For a GPS to work and achieve some accuracy it needs to receive at least three satellite signals. Often when in city centers there are many tall buildings that can block these signals and stop the GPS from being able to work out where it is. There may also be multi-path effects from the material making up the buildings around you, whereby signals bounce off them so the receiver actually thinks it is somewhere in the buildings around. Another factor that can affect this is the number and position of satellites that can be seen at the time of logging; trying the route on another day or a different time of day may give better results.

What GPS should I buy? Can I use a "satnav" in-car unit?

See GPS reviews. Some in-car units will generate the tracklogs that OSM use, but you must make sure you turn off the "Snap to Road" option - otherwise your tracklog will be linked to the copyrighted map in your satnav.

How can I download this data and put it in my GPS ?

If you have a Garmin unit, see OSM Map On Garmin. Several users provide ready-made Garmin format maps for you to download and copy to your GPS.

Using OSM maps and data

How do I link to a particular postcode on OSM from my own website?

You can link to the search page for a particular postcode:[postcode]=AA1%201AA

How do I link to a particular latitude and longitude on OSM from my own website?

You can link to the slippy map with a specific latitude and longitude and zoom level:[latitude in degrees with decimals]&mlon=[longitude in degrees with decimals]&zoom=[zoom level 1-17]

Coordinates must be positive for North and East, negative for South and West. For example, 28° 44' 16.09"S would be mlat=-28.737803 and 24° 45' 49.33"E would be mlon=24.763703 (that's Kimberley, South Africa, in case you're wondering).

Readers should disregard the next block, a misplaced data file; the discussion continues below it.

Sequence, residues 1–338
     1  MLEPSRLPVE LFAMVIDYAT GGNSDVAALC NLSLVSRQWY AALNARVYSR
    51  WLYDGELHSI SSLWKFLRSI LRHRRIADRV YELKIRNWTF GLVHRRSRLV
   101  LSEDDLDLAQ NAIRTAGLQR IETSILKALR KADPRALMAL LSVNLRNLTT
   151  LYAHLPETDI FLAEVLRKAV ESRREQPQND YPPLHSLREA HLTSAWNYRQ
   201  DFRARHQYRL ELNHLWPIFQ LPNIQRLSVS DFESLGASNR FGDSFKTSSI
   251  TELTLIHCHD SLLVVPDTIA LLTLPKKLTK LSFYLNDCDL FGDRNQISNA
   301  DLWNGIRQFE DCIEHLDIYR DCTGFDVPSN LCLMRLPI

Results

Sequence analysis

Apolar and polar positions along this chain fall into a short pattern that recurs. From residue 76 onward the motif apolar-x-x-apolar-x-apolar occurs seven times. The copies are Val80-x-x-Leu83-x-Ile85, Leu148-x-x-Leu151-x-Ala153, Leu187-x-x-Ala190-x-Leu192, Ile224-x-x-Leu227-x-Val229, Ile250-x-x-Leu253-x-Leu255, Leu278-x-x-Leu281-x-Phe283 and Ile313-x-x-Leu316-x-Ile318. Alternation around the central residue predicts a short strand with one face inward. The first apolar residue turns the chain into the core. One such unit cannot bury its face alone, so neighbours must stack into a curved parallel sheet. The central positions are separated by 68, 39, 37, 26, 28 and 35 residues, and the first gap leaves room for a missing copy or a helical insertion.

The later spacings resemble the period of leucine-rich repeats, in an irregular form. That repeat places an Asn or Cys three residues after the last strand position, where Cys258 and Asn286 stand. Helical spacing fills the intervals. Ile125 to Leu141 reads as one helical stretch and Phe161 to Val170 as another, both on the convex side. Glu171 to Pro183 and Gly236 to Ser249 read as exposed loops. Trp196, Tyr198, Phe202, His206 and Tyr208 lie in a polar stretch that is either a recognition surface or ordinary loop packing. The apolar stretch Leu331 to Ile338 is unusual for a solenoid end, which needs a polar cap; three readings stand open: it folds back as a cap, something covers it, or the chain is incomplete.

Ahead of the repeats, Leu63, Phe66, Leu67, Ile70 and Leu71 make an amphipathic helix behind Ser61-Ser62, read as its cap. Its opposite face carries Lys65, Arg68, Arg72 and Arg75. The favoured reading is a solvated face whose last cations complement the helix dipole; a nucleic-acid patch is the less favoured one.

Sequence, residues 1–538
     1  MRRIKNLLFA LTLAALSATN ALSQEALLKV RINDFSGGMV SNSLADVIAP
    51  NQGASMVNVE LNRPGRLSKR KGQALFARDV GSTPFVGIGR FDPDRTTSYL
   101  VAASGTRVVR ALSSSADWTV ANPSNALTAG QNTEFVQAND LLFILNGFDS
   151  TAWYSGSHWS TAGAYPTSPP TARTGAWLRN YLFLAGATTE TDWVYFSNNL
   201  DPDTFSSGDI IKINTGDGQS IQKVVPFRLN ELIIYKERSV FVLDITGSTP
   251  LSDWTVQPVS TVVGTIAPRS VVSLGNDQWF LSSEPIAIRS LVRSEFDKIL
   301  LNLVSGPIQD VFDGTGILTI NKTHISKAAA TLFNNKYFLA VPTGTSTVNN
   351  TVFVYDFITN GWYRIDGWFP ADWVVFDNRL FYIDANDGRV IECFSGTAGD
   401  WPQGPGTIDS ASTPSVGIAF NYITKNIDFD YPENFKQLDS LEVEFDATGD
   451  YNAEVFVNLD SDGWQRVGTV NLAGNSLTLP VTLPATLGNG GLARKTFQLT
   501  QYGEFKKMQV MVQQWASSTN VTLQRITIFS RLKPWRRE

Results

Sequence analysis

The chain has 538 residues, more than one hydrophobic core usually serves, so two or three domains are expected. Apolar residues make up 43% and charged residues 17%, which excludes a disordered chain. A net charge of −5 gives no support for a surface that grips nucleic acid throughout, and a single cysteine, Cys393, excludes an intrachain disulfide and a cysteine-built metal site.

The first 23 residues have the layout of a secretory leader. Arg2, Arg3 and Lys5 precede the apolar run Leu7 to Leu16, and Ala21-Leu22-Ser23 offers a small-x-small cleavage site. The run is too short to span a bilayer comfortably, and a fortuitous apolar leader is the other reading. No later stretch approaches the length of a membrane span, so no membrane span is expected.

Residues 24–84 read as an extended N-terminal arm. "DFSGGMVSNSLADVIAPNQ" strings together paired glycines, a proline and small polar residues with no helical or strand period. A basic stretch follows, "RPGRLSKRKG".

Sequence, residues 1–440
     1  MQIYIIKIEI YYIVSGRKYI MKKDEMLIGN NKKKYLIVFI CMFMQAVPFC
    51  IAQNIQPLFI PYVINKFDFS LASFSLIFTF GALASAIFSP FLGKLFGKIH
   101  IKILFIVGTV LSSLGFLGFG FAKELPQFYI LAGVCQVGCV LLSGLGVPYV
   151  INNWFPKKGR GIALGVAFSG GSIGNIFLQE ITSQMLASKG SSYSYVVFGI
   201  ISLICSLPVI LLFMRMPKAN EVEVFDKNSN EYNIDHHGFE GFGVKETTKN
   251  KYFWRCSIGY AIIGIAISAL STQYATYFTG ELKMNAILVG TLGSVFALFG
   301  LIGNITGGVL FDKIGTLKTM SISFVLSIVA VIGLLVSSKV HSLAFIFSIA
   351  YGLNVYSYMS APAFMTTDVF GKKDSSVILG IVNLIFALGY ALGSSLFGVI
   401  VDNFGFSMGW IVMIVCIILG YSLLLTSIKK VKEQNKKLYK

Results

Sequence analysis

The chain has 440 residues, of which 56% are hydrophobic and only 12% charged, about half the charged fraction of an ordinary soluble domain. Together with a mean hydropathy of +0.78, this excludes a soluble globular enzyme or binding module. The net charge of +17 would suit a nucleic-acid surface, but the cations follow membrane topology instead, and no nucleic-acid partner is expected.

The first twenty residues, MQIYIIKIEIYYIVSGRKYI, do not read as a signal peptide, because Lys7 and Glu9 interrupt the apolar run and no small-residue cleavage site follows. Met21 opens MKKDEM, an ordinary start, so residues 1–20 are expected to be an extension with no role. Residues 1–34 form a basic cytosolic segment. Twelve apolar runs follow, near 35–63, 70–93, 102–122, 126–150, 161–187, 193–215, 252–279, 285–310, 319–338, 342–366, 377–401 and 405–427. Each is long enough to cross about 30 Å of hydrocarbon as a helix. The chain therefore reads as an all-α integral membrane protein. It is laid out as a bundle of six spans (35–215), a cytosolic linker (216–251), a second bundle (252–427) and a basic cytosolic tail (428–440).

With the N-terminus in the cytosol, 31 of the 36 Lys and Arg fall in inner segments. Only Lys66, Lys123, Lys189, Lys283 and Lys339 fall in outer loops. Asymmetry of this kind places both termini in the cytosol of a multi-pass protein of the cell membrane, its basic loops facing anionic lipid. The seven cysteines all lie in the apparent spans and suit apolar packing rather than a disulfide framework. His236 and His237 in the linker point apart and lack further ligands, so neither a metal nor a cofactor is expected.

Zoom levels: 1 = full zoom out, 17 = full zoom in.

Or link to a static image

How can I display maps on my website?

The easiest way is to use static data, i.e. to export data (using the 'Export' tab) and put it onto your website.

For dynamic display there is a Google Maps-like Javascript API; see the Export page on this wiki.

Can I download a vector map?

Use the 'Export' tab to download in SVG or PDF format. If you need other formats, see the Export page on this wiki.

Why doesn't 'Export' work?

On Wednesdays, the rendering database is reloaded from the main map database. This means the rendering database (used by Mapnik) is temporarily unavailable for the Export feature.

You can export an Osmarender/Tiles@home image instead, or wait until the database has finished reloading.

We aim to fix this in the medium term.

Where can I find software using OSM data?

For current software using OSM, see the Software page or its category, and also neat stuff for more experimental ideas.

For a more development-related angle, see Routing (and its category), the Beginners Guide topic on usage, and the Developers' pages.

Developer questions